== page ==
There are such treasures hiding in the stacks, and really, they don’t make journal covers like they used to. I coincidentally found these journals the same week that the Russian Film Symposium is happening in Pittsburgh, so I knew it was fated that I should share some of the images.
1978:no. 10 (257) Actor Oleg Yankovsky
1978:no. 9 (256): Actress Svetlana Toma
1977:no. 8 (243): Komaki Kurihara and Yuri Solomin in “Melodies of the White Night”, a Soviet-Japanese co-production.
1976:no. 11 (234): Sergei Bondarchuk on location during the shooting of “Steppe” based on the story of the same title by Anton Chekhov.
1975:no.8 (219): Actress Natalia Varley
1972:no.2 (177): Asanali Ashimov, the Kazakh actor who played in “Crossroad”, “The End of the Ataman,” “Kyz-Zhibek”
1975:no.4 (215): Film actress Ludmila Gurchenko (“Carnival Night”, “Girl with a Guitar”, “Baltic Sky”, “Factory Town”, “Open Book”, “Vaniushin’s Children”, “Old Walls”, and others)
1972:no.1 (176): the Ukrainian actress Larisa Kadochnikova
1969:no.7 (146): Actress Tatyana Doronina
Sorry about the weird image quality. If anyone knows how to fix that or make it so the scanner doesn’t put those wavy lines in, please tell me for next time!
Overall it was pretty weird and terrible, but the first few minutes were some of the most visually interesting I’ve seen in awhile, thanks to the quick cuts and linked imagery. When I say the movie was terrible, though, I mean it really was a disappointment. Not scary, and really there was nothing to the plot and the characters. Pauline Kael has an excellent (in my opinion) review of it, published in the New Yorker: Pauline Kael, The Current Cinema, “Labyrinths,” The New Yorker, December 24, 1973, p. 68.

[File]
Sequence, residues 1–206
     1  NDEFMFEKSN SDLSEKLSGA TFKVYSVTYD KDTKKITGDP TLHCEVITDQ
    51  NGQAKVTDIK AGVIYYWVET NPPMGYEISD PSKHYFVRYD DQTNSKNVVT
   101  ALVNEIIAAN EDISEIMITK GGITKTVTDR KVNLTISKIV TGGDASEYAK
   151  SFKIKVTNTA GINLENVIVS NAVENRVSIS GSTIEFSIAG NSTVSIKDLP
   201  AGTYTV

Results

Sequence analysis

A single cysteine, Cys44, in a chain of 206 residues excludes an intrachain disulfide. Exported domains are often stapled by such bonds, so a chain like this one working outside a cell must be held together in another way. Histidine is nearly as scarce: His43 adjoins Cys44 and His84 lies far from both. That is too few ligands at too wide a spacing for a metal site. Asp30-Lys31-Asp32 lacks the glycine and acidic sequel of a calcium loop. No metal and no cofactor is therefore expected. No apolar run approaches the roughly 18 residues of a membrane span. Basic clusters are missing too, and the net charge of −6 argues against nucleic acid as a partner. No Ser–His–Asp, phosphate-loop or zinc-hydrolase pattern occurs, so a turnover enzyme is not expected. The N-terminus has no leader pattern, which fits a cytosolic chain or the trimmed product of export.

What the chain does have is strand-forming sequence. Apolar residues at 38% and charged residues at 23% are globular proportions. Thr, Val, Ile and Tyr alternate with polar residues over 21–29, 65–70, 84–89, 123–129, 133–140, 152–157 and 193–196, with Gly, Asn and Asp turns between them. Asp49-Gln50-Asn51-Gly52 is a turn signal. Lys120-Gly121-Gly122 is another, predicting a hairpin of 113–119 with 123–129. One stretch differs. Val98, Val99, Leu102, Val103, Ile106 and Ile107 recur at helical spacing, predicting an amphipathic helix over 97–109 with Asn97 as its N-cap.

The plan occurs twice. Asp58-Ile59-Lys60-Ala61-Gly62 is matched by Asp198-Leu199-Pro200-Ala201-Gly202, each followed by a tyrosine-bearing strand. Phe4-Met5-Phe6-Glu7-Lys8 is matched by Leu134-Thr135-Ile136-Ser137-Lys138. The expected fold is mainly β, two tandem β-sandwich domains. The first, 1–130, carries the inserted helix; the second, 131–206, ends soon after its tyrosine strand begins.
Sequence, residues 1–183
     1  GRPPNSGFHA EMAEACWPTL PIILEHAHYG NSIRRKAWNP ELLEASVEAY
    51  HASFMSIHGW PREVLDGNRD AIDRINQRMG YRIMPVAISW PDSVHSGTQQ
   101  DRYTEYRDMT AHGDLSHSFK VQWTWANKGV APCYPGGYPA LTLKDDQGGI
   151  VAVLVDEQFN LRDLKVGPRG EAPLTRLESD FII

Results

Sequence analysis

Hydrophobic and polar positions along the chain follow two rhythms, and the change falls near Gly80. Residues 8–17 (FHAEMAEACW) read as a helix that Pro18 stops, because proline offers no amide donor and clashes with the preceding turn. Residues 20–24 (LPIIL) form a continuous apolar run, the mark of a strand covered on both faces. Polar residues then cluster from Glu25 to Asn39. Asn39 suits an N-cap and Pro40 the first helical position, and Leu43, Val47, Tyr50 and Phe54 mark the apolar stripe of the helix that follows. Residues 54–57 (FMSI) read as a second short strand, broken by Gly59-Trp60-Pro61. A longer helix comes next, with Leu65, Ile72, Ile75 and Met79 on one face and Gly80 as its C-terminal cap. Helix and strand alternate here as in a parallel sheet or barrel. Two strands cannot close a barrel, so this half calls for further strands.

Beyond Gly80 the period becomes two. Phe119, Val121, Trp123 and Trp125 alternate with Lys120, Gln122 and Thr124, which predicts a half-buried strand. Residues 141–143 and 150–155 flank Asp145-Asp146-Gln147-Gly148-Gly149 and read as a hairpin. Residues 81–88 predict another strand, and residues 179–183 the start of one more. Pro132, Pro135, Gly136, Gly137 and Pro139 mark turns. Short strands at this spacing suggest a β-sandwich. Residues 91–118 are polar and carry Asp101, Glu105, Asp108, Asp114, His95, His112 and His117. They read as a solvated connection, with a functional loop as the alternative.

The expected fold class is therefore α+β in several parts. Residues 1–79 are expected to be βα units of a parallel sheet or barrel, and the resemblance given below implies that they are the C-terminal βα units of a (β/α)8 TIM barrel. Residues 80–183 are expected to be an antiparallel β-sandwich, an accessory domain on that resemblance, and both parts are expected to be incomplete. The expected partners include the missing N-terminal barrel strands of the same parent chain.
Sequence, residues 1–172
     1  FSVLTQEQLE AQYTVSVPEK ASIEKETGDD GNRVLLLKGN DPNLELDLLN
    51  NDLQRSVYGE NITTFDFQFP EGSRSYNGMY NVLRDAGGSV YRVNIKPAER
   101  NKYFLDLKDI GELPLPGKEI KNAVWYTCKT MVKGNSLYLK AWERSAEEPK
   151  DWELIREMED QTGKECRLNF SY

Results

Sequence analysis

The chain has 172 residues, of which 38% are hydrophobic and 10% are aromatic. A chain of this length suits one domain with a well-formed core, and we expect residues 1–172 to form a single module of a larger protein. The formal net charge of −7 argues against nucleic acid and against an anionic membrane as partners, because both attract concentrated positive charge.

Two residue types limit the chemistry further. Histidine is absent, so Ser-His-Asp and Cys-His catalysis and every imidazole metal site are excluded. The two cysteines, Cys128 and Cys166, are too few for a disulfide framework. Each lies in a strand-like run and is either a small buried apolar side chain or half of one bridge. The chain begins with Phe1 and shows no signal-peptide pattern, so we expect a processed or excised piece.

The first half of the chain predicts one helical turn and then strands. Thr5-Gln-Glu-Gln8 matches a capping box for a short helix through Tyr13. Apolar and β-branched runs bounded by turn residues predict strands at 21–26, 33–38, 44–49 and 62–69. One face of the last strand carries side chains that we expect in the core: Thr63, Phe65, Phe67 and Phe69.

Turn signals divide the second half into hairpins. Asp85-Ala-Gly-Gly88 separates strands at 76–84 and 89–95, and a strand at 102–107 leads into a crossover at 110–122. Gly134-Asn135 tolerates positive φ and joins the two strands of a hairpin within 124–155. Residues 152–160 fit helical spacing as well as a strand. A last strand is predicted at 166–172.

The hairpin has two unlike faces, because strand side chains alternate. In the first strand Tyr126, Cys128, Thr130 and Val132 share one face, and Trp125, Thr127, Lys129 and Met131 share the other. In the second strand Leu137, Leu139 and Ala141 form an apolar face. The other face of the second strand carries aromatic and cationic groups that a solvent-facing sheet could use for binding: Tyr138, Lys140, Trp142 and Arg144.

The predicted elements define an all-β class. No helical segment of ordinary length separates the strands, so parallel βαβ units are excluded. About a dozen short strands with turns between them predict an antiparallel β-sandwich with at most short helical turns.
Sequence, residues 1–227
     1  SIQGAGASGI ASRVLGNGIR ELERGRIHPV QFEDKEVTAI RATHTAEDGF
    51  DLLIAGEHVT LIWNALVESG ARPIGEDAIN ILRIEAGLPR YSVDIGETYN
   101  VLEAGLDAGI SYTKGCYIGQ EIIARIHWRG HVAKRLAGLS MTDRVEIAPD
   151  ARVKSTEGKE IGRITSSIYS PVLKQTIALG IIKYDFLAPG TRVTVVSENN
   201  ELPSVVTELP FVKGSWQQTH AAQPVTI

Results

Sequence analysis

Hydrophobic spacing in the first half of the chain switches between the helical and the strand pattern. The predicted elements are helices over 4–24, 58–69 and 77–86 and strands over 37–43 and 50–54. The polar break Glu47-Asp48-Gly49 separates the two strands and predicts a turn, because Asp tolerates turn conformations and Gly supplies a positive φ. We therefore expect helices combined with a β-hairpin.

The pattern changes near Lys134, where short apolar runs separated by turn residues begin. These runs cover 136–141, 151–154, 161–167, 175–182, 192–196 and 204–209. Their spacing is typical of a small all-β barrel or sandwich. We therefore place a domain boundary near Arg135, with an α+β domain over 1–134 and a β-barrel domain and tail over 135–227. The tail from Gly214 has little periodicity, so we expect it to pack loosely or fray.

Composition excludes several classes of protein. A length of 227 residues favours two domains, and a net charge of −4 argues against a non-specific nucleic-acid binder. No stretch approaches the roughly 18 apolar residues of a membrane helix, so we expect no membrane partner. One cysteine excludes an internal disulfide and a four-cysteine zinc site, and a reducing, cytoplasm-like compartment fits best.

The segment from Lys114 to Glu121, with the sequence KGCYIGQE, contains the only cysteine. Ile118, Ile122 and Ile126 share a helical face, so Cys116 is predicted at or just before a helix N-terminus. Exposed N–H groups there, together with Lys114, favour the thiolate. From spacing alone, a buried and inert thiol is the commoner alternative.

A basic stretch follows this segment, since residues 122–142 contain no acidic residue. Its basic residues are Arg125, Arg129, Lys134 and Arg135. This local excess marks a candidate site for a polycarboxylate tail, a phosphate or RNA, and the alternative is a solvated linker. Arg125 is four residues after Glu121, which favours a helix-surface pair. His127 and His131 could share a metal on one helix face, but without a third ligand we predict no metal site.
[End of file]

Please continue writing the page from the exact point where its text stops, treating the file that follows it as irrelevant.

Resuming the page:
Unfortunately I can’t give any quotes because I don’t have access to any electronic version, and the book I read it in is at home.
150 Educational films [May Subd Geog] [sp2001000481]
* 680 This heading is used as a topical heading for works about films that are intended to impart knowledge and information, including those for classroom viewing. Works about films designed to impart skills or techniques to general audiences, typically in a “how‑to” manner, are entered under Instructional films. When used as topical headings they are subdivided by the appropriate geographic, topical, and/or form subdivisions.
151 NGC 300 (Galaxy) [sp2009009615]
667 This heading is not valid for use as a geographic subdivision.
451 UF Dun 530 (Galaxy)
451 UF GC 169 (Galaxy)
451 UF H 2359 (Galaxy)
451 UF NGC300 (Galaxy)
550 BT Spiral galaxies
(image from nasa.gov)
150 Peddlers and peddling in art CANCEL 150 Peddlers in art [Not Subd Geog] [sp 85099130]
450 UF Peddlers and peddling in art [EARLIER FORM OF HEADING]
(“Marchand d’abat-jour, rue Lepic” – Eugène Atget. albumen print (c.1900) from the George Eastman House collection on Flickr.)
150 Precarious employment [May Subd Geog] [sp2009008937]
680 Here are entered works on labor that is poorly paid, unregulated, and lacks job
450 UF Employment, Precarious
550 BT Labor Gus Powell – from “Voetganger Amsterdam” series
for now I went with a more literal interpretation of “precarious”.
150 Ceilings—Decoration [May Subd Geog] [sp2009010550]
550 BT Decoration and ornament
(a picture of a ceiling at the Library of Congress, from my Flickr)
150 Corn—Utilization [May Subd Geog] [sp 86004524]
* 681 Example under Plants, Useful CANCEL
* 681 Example under Plants, Useful; Wildlife utilization
(vintage postcard from Jasperdo’s Flickr photostream)
(USA Today article)
I have actually been to the Corn Palace!
150 Rock musicians in art [Not Subd Geog] [sp2009010571]
150 Crime in music [sp2009009410]
680 Here are entered works on the depiction of crime in musical compositions. General works on the relationship between crime and music are entered under Music and crime.